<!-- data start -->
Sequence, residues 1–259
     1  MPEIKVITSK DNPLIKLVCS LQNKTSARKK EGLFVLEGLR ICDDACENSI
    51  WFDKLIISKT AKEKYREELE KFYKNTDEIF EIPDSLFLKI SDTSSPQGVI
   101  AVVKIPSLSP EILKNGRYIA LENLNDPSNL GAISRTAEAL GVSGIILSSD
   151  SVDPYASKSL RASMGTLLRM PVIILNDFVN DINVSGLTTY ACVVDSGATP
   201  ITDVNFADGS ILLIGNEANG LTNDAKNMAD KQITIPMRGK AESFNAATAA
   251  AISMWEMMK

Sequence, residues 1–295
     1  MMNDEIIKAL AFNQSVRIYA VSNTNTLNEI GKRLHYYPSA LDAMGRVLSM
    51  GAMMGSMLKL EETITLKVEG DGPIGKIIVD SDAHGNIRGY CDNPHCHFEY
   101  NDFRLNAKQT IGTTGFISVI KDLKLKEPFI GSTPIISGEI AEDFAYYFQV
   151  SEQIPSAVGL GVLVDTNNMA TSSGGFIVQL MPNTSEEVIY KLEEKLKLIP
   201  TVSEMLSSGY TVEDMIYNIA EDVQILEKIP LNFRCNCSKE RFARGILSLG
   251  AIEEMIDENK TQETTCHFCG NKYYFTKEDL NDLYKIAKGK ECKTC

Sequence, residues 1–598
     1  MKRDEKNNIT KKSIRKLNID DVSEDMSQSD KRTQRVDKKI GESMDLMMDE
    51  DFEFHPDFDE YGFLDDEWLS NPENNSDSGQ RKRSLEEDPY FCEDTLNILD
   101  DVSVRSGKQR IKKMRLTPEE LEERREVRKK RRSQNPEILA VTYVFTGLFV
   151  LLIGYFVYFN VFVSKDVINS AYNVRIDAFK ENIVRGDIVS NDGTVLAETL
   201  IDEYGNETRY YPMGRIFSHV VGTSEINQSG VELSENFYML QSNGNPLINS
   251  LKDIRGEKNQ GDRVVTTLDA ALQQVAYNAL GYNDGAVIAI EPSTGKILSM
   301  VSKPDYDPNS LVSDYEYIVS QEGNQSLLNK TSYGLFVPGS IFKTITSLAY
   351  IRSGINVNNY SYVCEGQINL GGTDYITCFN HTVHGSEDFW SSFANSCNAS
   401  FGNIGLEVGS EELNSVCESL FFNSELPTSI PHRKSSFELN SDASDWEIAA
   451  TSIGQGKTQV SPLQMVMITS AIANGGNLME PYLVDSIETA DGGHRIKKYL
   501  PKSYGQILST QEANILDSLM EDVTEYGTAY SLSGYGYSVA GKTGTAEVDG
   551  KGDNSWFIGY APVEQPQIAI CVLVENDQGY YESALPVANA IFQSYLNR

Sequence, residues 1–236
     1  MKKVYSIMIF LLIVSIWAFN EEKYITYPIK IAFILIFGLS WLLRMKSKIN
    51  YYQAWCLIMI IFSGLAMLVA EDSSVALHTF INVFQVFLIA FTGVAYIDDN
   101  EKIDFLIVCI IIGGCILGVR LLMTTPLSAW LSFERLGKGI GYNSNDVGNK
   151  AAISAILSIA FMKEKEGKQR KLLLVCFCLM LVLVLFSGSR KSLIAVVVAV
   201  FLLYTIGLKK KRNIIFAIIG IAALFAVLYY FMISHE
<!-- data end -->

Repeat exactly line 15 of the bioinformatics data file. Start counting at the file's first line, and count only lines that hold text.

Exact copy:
Sequence, residues 1–598